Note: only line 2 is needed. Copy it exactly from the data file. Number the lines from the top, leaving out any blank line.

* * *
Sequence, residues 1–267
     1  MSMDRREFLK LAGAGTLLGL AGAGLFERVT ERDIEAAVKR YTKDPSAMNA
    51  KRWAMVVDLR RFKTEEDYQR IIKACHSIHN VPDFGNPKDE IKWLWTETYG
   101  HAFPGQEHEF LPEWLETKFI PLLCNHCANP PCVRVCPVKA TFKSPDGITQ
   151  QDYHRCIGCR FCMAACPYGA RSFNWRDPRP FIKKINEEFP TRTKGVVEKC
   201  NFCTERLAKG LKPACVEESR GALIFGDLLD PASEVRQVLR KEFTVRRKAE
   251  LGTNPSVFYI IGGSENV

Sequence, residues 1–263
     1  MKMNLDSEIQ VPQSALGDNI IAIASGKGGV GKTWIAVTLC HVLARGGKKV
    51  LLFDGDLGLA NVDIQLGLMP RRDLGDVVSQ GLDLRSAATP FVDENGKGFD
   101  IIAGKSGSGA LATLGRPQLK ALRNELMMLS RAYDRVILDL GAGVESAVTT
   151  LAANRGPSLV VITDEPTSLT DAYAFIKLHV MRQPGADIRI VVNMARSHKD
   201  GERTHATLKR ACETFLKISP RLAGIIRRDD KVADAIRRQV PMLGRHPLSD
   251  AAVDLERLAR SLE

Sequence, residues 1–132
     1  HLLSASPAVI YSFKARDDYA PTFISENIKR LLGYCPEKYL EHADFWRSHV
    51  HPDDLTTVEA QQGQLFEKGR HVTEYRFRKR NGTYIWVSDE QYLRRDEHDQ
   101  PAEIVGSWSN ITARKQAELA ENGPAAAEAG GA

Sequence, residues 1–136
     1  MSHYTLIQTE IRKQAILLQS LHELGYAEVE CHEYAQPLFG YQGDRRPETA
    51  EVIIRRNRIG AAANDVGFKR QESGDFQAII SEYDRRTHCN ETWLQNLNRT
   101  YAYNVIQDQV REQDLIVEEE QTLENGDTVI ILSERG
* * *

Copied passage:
     1  MSMDRREFLK LAGAGTLLGL AGAGLFERVT ERDIEAAVKR YTKDPSAMNA